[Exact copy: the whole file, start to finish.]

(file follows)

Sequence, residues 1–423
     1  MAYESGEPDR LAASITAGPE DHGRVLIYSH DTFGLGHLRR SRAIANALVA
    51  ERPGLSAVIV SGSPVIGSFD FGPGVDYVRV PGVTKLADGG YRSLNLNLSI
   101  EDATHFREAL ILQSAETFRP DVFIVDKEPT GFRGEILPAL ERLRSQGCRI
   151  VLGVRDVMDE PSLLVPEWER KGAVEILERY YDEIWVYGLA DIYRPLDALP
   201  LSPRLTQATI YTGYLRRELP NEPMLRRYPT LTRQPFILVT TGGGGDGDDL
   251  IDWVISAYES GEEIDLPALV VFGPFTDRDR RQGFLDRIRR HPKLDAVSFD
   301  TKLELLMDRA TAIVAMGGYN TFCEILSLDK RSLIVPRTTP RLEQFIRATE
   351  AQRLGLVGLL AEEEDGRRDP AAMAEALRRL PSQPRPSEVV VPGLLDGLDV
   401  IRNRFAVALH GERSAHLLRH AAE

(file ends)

Sequence, residues 1–423
     1  MAYESGEPDR LAASITAGPE DHGRVLIYSH DTFGLGHLRR SRAIANALVA
    51  ERPGLSAVIV SGSPVIGSFD FGPGVDYVRV PGVTKLADGG YRSLNLNLSI
   101  EDATHFREAL ILQSAETFRP DVFIVDKEPT GFRGEILPAL ERLRSQGCRI
   151  VLGVRDVMDE PSLLVPEWER KGAVEILERY YDEIWVYGLA DIYRPLDALP
   201  LSPRLTQATI YTGYLRRELP NEPMLRRYPT LTRQPFILVT TGGGGDGDDL
   251  IDWVISAYES GEEIDLPALV VFGPFTDRDR RQGFLDRIRR HPKLDAVSFD
   301  TKLELLMDRA TAIVAMGGYN TFCEILSLDK RSLIVPRTTP RLEQFIRATE
   351  AQRLGLVGLL AEEEDGRRDP AAMAEALRRL PSQPRPSEVV VPGLLDGLDV
   401  IRNRFAVALH GERSAHLLRH AAE